I don’t know what’s wrong with me that I just don’t finish processing stuff before posting. I’m a nut. These are from the Mt. Foss sunset session.
By now you know I have a fern habit and when I saw these I knew I had to try to work with them. I’m not 100% sold on this, but I was trying to work fast with the light that I had. I wanted them back-lit and I like the glowing aspect, but the sun isn’t in a great position. Moving though, gave me a lot of lens flare. It was too distracting, so I went with this offset sun instead. It’s handheld at ISO 500 and since I wanted those rays coming from the sun, it’s stopped down to f13. I wasn’t sure it would be enough, since this is a new lens, but I took a chance and it worked. In order to get those in your shots, that kind of star effect, you need to close the aperture down.
Usually the most color in a sunset happens after the sun sinks down past the horizon. I learned the hard way that sometimes the color takes a while to develop. The old adage “don’t pack until it’s black” is right on. If you have to hike back to your car in the dark, do it. Bring a headlamp or a flashlight and stay until you can’t see. It’s the only way to make sure you get the most out of the sunset. In the field I used an 8-stop graduated neutral density filter. I still use them because I think it helps me control the light better in-camera. In processing this one, I did notch the saturation up a bit (I think 15 on the sliders) and the luminance on the green and yellow channels, too, just to highlight that spectacular new foliage. I think it gives some much-needed depth in the foreground.
Anyway…sorry for the extra post. Sometimes I’m like a runaway train.
I took a day off this week to do some spring shooting. It ended up being a pretty perfect day. Overcast and not too hot and it didn’t actually rain. It had just done though so the colors really popped. Yeah, I was pretty much surrounded by mosquitoes in the Musquash the whole time I was there, but I doused myself in anti-bug juice and they didn’t bite. Of course I had to get in a trail shot –
I liked the perspective of this one. The mystery of the trail disappearing under the canopy. And the canopy itself. Fresh, new leaves. Everything seeming to drive upwards towards the sun. Springtime has a feel of energy being released all around you. Also of hurry. You can feel the rush to reproduce all around you. The urgency to get it done before winter arrives again. One of the best places to feel it is at a vernal pool.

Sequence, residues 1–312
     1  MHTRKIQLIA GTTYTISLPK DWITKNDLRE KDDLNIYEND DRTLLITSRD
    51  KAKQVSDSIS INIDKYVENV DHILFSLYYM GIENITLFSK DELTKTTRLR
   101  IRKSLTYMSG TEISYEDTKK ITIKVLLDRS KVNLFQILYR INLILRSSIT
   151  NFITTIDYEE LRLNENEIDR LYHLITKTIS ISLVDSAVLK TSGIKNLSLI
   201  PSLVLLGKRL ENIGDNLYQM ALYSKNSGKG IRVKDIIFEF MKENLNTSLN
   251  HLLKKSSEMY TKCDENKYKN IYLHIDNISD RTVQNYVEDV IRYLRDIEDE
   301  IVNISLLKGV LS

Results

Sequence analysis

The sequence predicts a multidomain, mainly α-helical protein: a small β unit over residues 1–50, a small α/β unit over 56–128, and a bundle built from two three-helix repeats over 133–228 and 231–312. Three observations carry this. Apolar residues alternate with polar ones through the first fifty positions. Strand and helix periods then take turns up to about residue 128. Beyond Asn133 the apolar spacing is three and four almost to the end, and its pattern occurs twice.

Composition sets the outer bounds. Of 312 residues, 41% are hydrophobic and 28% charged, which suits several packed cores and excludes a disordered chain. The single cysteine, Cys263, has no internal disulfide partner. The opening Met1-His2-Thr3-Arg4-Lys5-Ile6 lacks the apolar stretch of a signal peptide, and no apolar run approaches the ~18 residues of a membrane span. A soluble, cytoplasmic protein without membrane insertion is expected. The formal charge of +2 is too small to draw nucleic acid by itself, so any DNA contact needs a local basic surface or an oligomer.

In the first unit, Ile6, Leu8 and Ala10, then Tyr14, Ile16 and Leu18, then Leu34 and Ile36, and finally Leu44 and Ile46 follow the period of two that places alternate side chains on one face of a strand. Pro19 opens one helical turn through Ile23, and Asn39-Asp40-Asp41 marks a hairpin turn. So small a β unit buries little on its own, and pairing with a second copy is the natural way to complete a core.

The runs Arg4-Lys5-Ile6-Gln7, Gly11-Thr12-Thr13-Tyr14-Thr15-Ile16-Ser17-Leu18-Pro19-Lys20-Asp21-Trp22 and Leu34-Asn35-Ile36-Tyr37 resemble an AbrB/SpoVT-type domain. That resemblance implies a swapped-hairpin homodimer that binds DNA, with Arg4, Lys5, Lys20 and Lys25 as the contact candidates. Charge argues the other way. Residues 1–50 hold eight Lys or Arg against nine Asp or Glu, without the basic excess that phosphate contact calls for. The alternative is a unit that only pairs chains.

I have an idea of working a project around these. They’re so vital to the ecosystem of a forest, providing breeding grounds for many reptiles and amphibians. And regular water sources, too. I just love how still and hidden they seem even though they’re teeming with life. Just moments before I took that shot above, I scared about every frog in the place. When the ripples subsided, I leaned against a tree and composed. Such a perfect reflection. I flipped the image upside-down and it looks really weird. Like a regular forest scene, but something is just so slightly off. The only drawback to photographing vernal pools is the bugs. I have a few shots with mosquitoes just hanging in the air in front of the lens. Sometimes they land on it, too. I have to remember to spray my hands because they always try to bite my fingers. Bah.
Being May, it’s wildflower season and even though I’ve shot pink lady slippers before, I couldn’t pass this one by. The leaves remind me of wings and the bent stem reminds me of a swan’s neck so I spent a bit of time shuffling the beanbag around hunting for just the right angle. So lucky to get that backdrop, too, a big pine. The flower really stands out because of it. The OM 90mm is probably at f8. It likes it there.
So that’s what I got in the morning of my day off. Wait till you see what I got in the afternoon. OMG. But before I sign off, here’s another shot from my sunset shoot with friends on top of Mt. Foss.
As I said in my Elusive Wildflowers Part 9 post, I have a new camera. It’s a Lumix (Panasonic) GH3. Yeah, I know they’re hemorrhaging money these days, but the Lumix was the only one that would do what I want the way I want it. It’s my first mirrorless camera and also my first non-Olympus. Here are some shots of it from reviews and articles –
That’s exactly my kit. The lens & body I had to pay for, but the grip was a bonus and I also got (but haven’t received yet) a $125 rebate on the body. Pricey, yeah. But as I said it was the only one that would do what I need how I need it. A lot of folks who had its predecessor the GH2 are mad because it’s bigger. Considerably so, but since my E-30 was bigger still, I don’t mind. It fits my hand nicely and has all the controls I’m used to working with in very convenient places. It has function buttons that are customizable and that’s new for me and something I have yet to really work with, but as time goes on, I think that I will. It also has customizable modes for different styles of shooting and that I have played with. Check out the top and how nicely arranged it is. Granted, I’d like that forward control dial in front of the shutter since that’s what I’m used to, but I can adapt.
I’ve had a camera with a tilt and swivel screen for 3 years now and can’t live without it. I don’t know what the stubborn insistence is with pretty much all camera manufacturers to relegate that feature to their most entry-level cameras, but it’s frustrating. Since I’d be upgrading, I wanted in addition to improved image quality, a weather-proof body and lens, but without the screen it would be unusable. Panasonic gave me that and tons more. The OLED viewfinder is taking the most getting used to, but since I work mostly from the live view screen, it’s not that much of a problem.
So that’s my new rig. Enough pictures of it. Time for some shots from it. Of course I put the Olympus 90mm macro on it right away. It’s a dream. Not only is the IQ improved, but because the OLED screen(s) brighten automatically I can focus with the lens stopped down, something I couldn’t do with the E-30. It makes for a smoother flow in the field. Check it out!